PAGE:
Air pollution has a reciprocal relationship with climate change since it fuels the phenomenon by increasing the amount of GHG gases and is compounded by warmer temperatures. It is a major societal issue given the health hazard it represents and it could be, in the Indian context, detrimental to tourism by affecting renowned monuments such as the Taj Mahal. But climate change can also worsen air pollution, which depends highly on weather patterns; with climate change, higher temperatures can worsen smog, increase instances of stagnant air, and worsen air quality.

In India, tourism represents almost 10% of the GDP (2016), which shows that preserving highly visited sites plays in favour of this sector and of the overall economic development. In the state of Uttar Pradesh, where the Taj Mahal is located, the World Bank currently runs a tourism-focused project with an overarching development objective for communities living around tourist hubs. This reflects the connection of both aspects and shows that addressing air pollution issues would have environmental and economic benefits at the same time.

Using eco-toursim to adapt to climate change in the Philippines

Using eco-toursim to adapt to climate change in the Philippines

By Gracie Pearsall

Located at the juncture of the typhoon belt and the Pacific Ring of Fire, the Philippines experiences more than its fair share of natural disasters. These disasters are especially harsh on the residents of Albay, a province in the Bicol region. These residents live in the shadow of Mt. Mayon, the Philippines’ most active volcano, which erupts every seven to ten years. Moreover, this low-lying region regularly experiences flooding from storm surges, and the capital city, Legazpi, sits on a bay notorious for frequent cyclones. Recently, the residents have become keenly aware of the risks that climate change presents. Yet, in the face of such perils, Albay has turned to tourism as a seemingly unlikely path to resiliency and disaster-risk reduction.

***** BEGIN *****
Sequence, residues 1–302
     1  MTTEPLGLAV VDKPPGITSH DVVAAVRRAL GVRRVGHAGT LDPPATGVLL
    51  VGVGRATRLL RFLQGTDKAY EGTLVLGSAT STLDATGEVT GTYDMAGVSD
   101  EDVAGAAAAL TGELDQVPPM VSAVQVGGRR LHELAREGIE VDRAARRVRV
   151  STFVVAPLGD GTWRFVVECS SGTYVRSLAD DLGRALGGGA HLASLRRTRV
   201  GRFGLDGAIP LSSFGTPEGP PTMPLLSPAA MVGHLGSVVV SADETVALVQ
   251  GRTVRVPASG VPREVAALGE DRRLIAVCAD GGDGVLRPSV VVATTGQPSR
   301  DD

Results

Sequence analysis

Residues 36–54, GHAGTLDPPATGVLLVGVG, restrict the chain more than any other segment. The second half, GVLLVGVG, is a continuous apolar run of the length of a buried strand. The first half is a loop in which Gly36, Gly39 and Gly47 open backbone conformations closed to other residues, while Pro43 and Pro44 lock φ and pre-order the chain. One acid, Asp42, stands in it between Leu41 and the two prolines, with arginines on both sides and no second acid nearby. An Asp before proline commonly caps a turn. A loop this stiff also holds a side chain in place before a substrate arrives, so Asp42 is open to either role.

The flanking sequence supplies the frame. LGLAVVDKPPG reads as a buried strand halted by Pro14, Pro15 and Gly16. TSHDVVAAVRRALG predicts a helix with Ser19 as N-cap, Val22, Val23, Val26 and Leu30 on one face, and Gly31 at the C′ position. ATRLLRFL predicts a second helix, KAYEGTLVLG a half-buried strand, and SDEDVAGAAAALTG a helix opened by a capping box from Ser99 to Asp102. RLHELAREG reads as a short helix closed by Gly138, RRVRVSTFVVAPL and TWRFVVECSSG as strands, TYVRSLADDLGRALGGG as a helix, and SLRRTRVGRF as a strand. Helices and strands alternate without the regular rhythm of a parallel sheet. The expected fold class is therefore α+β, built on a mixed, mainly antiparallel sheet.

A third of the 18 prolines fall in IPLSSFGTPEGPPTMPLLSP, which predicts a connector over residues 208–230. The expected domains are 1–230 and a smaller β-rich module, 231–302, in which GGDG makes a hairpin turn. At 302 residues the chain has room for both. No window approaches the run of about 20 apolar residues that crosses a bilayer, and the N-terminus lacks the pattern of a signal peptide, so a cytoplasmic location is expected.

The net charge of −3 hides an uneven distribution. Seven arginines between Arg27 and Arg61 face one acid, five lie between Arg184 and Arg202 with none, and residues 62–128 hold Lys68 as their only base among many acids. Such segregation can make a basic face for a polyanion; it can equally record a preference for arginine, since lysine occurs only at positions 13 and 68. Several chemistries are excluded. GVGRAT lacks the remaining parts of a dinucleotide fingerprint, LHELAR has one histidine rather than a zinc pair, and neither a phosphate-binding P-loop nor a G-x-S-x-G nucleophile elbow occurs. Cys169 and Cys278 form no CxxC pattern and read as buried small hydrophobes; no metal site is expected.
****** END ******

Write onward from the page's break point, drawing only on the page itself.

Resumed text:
Tourism in Albay relies on the region’s unique ecology and beautiful natural features. Tourists often hike through tropical forests and hills to see the perfectly conical Mt. Mayon.  Tourists also flock to swim with whale sharks in one of world’s largest pods of whale sharks, in this region. Thus, the region views sustainable practices and “green development” as investments in these attractions.

Resilience to climate change will protect the Albay environment from degradation, and ensure that tourism will remain a profitable sector. The tourism-based economic boom has alleviated poverty, encouraged further resilient development, and allowed the government to create a world-renowned disaster-risk reduction strategy.

Albay, is already at risk for sea-level rise that could flood homes and infrastructure. Climate change would bring more frequent, and more severe storms that could cause further flooding. The increased precipitation would also make the destructive lahars (strong mudflows of ash and debris) more common. Climate-induced ocean acidification, and coral bleaching events, also would threaten the food security of coastal residents. Moreover, warmer temperatures would also reduce the entire region’s agricultural productivity. These risks would compound the ever-present threats of typhoons and volcanic eruptions.